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Richmond churches resist ‘draconian’ property plan

Richmond is going ahead with a bylaw that the local clergy call a human rights violation. Under the proposed measure,…

By Lena Smirnova , in Business , on November 25, 2010 Tags: , , , ,

St. Paul's Parish is ready to speak against the proposed bylaw if it goes before the council in December

Richmond is going ahead with a bylaw that the local clergy call a human rights violation.

Under the proposed measure, religious institutions in West Richmond that want to sell or rezone their land for residential use would have to hand over a large portion of their revenues for affordable housing.

“This is a human rights issue against churches,” said Ken Clausen, a member of the Brighouse United Church. “If this doesn’t go against religious rights and freedoms, I don’t know what will.”

City staff proposed the affordable housing condition to ensure that religious institutions continue to provide community benefits after rezoning.

“An assembly shouldn’t be able to do just what it wants,” said Richmond’s policy planning manager Terry Crowe.

Church representatives argue that the bylaw will only shift the burden of building affordable housing from the provincial and federal governments.

The proposed bylaw has been under review for a year.

City officials told that they plan to put the revised bylaw to a council vote in late December or early January.

The plan to call the vote surprised the nine church representatives involved in the consultation process. The city has not made any concessions, they said.

“We’re frustrated because every time we meet it’s the same. They’re polite. They’re just not listening,” Clausen said.

Richmond officials said they are willing to revise the bylaw, but future consultation may be limited to email exchanges.

Cost of development

The Richmond Gospel Society is one of the religious groups affected. It sits on two acres of centrally located land that no developer wants to buy. The property went up for sale five years ago.

Current bylaws require the land to be kept for religious or educational use. Churches and schools can’t afford to buy it, said Curtis Green, director of the Richmond Gospel Society.

Reverend Margaret Cornish of St. Alban's Anglican Church blesses pets at the St. Francis service (Photo courtesy of Randy Murray)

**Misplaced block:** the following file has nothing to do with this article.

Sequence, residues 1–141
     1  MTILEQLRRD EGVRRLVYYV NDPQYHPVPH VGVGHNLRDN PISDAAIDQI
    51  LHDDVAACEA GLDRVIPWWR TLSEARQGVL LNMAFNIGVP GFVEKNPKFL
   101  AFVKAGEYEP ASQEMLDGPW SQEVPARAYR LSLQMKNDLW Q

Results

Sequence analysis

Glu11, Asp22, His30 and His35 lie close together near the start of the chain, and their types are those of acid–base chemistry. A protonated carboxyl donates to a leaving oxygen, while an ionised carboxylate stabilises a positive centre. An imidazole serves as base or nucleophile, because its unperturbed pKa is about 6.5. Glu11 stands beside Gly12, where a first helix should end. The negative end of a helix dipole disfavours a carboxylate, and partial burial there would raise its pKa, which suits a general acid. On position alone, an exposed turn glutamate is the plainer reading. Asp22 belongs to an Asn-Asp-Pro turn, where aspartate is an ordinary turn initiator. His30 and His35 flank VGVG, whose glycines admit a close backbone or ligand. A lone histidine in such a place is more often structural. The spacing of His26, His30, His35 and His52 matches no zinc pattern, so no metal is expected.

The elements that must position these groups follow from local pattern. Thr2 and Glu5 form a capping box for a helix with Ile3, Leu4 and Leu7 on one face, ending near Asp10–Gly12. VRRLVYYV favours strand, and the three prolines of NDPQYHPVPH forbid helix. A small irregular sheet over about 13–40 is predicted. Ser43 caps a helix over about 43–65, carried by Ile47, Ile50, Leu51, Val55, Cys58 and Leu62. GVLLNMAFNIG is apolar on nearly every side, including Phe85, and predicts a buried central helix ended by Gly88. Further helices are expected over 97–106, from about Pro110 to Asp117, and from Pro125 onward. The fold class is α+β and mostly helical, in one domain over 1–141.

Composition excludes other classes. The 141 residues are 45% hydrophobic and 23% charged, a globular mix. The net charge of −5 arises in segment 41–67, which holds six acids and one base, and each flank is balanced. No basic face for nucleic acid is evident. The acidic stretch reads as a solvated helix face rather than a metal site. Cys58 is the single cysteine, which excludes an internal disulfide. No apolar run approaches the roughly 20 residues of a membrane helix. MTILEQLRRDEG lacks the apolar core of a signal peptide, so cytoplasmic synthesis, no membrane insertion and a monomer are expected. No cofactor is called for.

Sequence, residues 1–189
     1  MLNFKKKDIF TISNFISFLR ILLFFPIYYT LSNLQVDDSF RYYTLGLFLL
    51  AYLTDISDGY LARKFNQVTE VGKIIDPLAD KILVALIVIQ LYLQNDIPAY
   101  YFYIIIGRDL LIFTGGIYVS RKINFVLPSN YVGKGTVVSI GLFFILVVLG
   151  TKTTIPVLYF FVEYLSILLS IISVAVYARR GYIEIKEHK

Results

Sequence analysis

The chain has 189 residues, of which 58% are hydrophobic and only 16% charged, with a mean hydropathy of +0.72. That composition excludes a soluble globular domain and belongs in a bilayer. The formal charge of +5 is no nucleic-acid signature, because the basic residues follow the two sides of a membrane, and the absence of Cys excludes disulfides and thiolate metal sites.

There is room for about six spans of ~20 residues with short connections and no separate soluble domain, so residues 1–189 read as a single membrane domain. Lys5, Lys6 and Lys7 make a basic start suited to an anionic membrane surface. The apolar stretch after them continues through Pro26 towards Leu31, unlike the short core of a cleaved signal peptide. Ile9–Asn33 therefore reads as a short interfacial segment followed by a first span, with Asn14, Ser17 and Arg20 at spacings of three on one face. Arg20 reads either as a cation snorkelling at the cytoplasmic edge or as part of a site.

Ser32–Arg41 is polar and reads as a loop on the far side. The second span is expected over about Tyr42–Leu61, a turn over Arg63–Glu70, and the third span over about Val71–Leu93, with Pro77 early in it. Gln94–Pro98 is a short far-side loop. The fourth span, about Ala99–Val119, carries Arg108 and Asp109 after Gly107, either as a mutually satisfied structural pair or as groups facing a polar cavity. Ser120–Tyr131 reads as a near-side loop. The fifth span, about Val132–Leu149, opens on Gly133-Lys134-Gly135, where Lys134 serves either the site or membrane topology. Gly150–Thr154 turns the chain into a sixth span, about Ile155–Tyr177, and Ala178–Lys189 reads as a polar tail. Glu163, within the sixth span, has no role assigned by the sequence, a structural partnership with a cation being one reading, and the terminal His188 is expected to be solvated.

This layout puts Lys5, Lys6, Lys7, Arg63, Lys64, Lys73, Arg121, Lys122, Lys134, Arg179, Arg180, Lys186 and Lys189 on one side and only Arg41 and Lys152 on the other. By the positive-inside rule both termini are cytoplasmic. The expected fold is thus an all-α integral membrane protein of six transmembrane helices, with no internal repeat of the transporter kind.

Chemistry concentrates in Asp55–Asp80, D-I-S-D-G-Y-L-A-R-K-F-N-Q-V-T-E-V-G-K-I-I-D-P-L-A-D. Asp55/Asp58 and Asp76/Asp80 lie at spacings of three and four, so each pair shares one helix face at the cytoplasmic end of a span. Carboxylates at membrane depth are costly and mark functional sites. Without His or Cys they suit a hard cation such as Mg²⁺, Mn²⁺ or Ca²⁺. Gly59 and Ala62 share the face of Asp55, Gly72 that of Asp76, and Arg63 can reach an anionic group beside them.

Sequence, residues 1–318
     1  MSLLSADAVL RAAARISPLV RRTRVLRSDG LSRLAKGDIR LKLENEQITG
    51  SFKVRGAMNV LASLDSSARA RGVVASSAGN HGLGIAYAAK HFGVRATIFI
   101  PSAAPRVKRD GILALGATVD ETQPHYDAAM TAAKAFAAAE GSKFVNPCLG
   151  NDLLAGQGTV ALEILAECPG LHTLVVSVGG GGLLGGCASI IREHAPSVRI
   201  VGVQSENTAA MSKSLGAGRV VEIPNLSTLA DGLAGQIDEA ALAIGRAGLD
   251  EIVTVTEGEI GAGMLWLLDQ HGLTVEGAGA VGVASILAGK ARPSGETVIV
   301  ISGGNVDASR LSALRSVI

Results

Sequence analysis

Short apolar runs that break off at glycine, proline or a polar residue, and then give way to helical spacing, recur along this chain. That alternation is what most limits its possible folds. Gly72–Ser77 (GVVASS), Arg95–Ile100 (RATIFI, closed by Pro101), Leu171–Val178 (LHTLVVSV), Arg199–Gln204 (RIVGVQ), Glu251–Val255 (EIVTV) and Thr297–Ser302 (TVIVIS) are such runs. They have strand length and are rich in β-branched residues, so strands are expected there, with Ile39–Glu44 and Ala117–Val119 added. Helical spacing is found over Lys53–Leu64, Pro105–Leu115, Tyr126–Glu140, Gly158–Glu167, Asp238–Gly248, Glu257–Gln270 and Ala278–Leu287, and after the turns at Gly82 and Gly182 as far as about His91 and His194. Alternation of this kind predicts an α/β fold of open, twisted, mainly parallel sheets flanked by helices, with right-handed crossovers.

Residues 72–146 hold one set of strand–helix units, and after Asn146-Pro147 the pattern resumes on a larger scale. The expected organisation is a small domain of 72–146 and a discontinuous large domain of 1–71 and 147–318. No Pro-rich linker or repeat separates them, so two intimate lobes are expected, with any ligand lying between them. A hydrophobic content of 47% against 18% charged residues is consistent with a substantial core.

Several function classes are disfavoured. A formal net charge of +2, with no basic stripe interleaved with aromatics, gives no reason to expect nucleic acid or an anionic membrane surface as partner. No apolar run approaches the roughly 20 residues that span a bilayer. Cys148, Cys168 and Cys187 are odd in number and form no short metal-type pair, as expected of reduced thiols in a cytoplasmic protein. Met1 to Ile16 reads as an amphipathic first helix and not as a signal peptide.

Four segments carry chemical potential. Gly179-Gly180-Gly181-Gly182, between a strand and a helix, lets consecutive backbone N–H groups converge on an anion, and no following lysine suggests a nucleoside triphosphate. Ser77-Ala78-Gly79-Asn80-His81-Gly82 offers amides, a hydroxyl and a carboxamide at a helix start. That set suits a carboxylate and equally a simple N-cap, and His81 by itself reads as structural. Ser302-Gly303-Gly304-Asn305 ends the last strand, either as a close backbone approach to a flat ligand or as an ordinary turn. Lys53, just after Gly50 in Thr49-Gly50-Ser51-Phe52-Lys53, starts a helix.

The new bylaw would open the bidding to all developers, but there is a catch.

Developers would need to build some low-cost homes or make large contributions to Richmond’s affordable housing fund before they can rezone the area. Developers already pay into the fund, but they would need to pay more to build on land that belonged to a church.

“It’s a draconian measure,” said Francis Wong, the head of finance at Vancouver’s Roman Catholic Archdiocese. “It is totally unfair.”

In the city’s view, it is fair to expect that some profits from developing the land would go towards homes for the less well-off.

“Churches give a lot of [community] benefit now, but they will also get substantial financial benefit if they rezone,” Crowe said.

The Gilmore United Church sold its seniors’ residence units at a market price. The revenues were enough to build a new church on the property.

Paying for affordable homes

Religious leaders say that affordable housing should be the responsibility of the provincial and federal governments.

Related: How much governments spend on social housing

“The city needs affordable housing, but it is not the churches’ responsibility to provide,” said Jeff Germo, pastor at the Richmond Baptist Church. “It shouldn’t be imposed.”

The Guardian Angels and St. Mary’s churches in Vancouver voluntarily built social housing on their properties. The Anglican diocese sponsors low-cost houses for seniors and handicapped adults in Metro Vancouver.

The reason that Richmond’s three Anglican churches have not built affordable housing is because they don’t have enough land, said Ian Robertson, volunteer at the Anglican Diocese of New Westminster.

Bureaucratic process

Pastor Gary Roosma of the Emmanuel Christian Community and his wife Jenny were not aware of the city's consultations on the bylaw

The dispute over the bylaw dates back to Nov. 23, 2009. The Anglican diocese received a phone call from its realtor at 4 p.m., saying there would be an important vote in the Richmond City Council in three hours.

The vote, it turned out, was the rezoning bylaw. The proposal came before council despite the lack of public consultation.

The city was trying to clarify an existing policy and “didn’t see the need at the time to consult,” said Richmond’s senior planner June Christy.

She defended the council’s procedures, saying residents could find out about the vote by looking at the agenda posted on the city’s website.

In the end, the council returned the proposal to city staff for review. Richmond’s planning department organized three working group meetings since the vote, but many of the 35 sites that the proposed bylaw would affect didn’t know about them.

Richmond staff and religious institutions need to work together to achieve a solution, Dana Westermark said. As president of Oris Consulting, he is working with Richmond’s united churches on their plans to build affordable housing.

“This bylaw would kill any chance these groups may have had to achieve this,” he said.

“The city must rethink their position from the ground up and the [institutions] need to define their issues and start to work toward a solution rather than merely reacting to the city’s position.”